Taking 250mg of ginger powder in capsule form (from health-food shops) had the same effect as 50mg of Sumatriptan, but with fewer side effects.
The strong spice promotes heart health by increasing the heart's effectiveness, enabling the pumping muscle to recover better during breaks, and the blood to better supply the body with oxygen.
The gingerol in ginger also acts as a natural anticoagulant, preventing the blood vessels from narrowing.
Tip: drink two cups of ginger tea a day to boost your heart health. To do this, cut around 2cm of fresh ginger into thin slices, pour over with hot water, and leave to steep for about ten minutes. Then briefly allow to cool before drinking. You can also add lemon slices to enhance the taste if you like.
Some parts of the root inhibit the enzymes cyclooxygenase and lipooxygenase that play a role in the body's inflammation processes, which in turn, trigger joint pain in people with osteoarthritis and rheumatism.
Ginger compresses can help. Pour 250ml of hot water over two teaspoons of freshly grated ginger, and leave to steep for 10 minutes. Then soak a cloth in the brew, wring it out, place over the chest or back, and fasten in place with a scarf.
Ginger has also long been used for respiratory problems. Its pain-relieving and anti-inflammatory properties make it ideal for treating coughs, colds and bronchitis.
It also contains a lot of essential oils, which are antispasmodic, and thus help with coughing up phlegm. Two cups of ginger tea a day is all you need.
The spicy elements in ginger stimulate blood circulation in the scalp, supplying the hair with more nutrients to make it look healthier, and can also be used to treat hair loss.
Tip: Massage ginger oil (available from the chemist) into the scalp, leave for a few minutes, then thoroughly rinse out.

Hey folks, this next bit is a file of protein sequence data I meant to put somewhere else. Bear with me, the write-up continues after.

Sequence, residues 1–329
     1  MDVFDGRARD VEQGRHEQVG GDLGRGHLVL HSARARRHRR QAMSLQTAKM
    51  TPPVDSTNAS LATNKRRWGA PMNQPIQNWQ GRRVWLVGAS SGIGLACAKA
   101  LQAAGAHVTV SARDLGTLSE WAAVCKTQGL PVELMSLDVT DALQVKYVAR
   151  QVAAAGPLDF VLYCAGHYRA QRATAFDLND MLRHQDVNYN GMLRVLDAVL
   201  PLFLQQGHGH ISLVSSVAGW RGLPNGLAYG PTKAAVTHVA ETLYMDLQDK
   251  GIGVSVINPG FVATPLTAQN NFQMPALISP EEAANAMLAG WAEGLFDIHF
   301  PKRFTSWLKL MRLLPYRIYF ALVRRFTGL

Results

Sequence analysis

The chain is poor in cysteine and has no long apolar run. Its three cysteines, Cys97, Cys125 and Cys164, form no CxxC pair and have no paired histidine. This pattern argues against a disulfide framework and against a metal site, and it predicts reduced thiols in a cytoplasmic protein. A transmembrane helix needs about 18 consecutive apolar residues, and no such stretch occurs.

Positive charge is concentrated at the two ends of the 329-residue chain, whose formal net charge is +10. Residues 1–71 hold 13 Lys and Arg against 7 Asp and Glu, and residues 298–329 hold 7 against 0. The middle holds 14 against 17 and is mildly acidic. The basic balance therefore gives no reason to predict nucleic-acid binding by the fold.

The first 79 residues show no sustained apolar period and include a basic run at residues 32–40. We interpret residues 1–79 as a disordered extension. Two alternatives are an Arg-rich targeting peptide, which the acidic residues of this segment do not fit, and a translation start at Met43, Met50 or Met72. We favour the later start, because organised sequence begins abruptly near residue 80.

Microbiology studies have found that ginger essential oil decreases the activity of the herpes simplex viruses 1 and 2, and can thus reduce the frequency and severity of herpes blisters.
It also proved to be effective on viruses that had already developed resistance to the Acyclovir herpes medication. In acute cases, the oil can be dabbed directly on the blisters, while regularly taking ginger compounds can serve as prevention.
A new study conducted by the University of Tehran has now proven that this zingy root can also relieve complaints caused by premenstrual syndrome (PMS), including irritability, pain, fatigue, problems concentrating and sleeping, and altered appetite.
The study participants, who each took 2 x 250mg of ginger (capsules) a day, starting seven days before their period and continuing for three days after their period, noticed a clear improvement in their complaints. Anyone taking 3 x 250mg of ginger a day for at least three cycles will considerably reduce their period duration and blood loss.
- FamilyReal Housewives of Auckland's Anne Batley-Burton on the sad secret to her business success
New Zealand Woman's WeeklyToday 8:15am
- MindJo Seagar on the importance of talking about death
New Zealand Woman's WeeklyToday 8:00am
- FamilyThese inspiring people are our individual 'Grandparent of the year' winners
New Zealand Woman's WeeklyToday 4:00pm
- RoyalsAnother royal wedding: All the details from Lady Gabriella Windsor’s gorgeous nuptials
Now To LoveToday 1:20pm
- TVNadia Lim admits Dancing With The Stars is 'the biggest challenge I've ever taken on'
Woman's DayToday 1:00pm
- PetsMeet NZ's most lovable rescue pet: Tinkerbelle 'the wobble dog'
New Zealand Woman's WeeklyToday 7:45am
- CareerAlexandria Ocasio-Cortez and the band of women shaking up America
The Australian Women's WeeklyYesterday 12:00pm
- RoyalsHappy 1st wedding anniversary Prince Harry and Duchess Meghan! A timeline of their beautiful love story
Now To LoveYesterday 10:00am
- FamilyDancing with the Stars judge Rachel White on why NZ has a special place in her heart
Woman's DayYesterday 8:00am
- FamilyDear Thomasin and Davida: Miranda Harcourt's open letter to her daughters
The Australian Women's WeeklyMay 18, 2019
- MindThree women share their inspiring journeys towards empowerment, self-healing and learning to forgive
Good Health ChoicesMay 18, 2019
- FertilityAfter $70,000 spent on IVF Sharee Welch can finally hold her miracle twins
Woman's DayMay 18, 2019